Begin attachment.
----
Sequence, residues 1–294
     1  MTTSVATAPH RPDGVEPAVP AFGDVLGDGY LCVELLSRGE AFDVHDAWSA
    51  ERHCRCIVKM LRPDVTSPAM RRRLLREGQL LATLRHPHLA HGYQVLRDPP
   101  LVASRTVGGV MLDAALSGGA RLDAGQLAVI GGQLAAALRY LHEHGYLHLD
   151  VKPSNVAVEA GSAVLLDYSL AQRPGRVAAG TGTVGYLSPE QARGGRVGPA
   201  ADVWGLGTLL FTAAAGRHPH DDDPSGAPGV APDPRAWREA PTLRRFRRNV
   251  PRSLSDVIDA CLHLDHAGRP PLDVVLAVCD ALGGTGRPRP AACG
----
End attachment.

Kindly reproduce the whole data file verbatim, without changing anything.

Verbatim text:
Sequence, residues 1–294
     1  MTTSVATAPH RPDGVEPAVP AFGDVLGDGY LCVELLSRGE AFDVHDAWSA
    51  ERHCRCIVKM LRPDVTSPAM RRRLLREGQL LATLRHPHLA HGYQVLRDPP
   101  LVASRTVGGV MLDAALSGGA RLDAGQLAVI GGQLAAALRY LHEHGYLHLD
   151  VKPSNVAVEA GSAVLLDYSL AQRPGRVAAG TGTVGYLSPE QARGGRVGPA
   201  ADVWGLGTLL FTAAAGRHPH DDDPSGAPGV APDPRAWREA PTLRRFRRNV
   251  PRSLSDVIDA CLHLDHAGRP PLDVVLAVCD ALGGTGRPRP AACG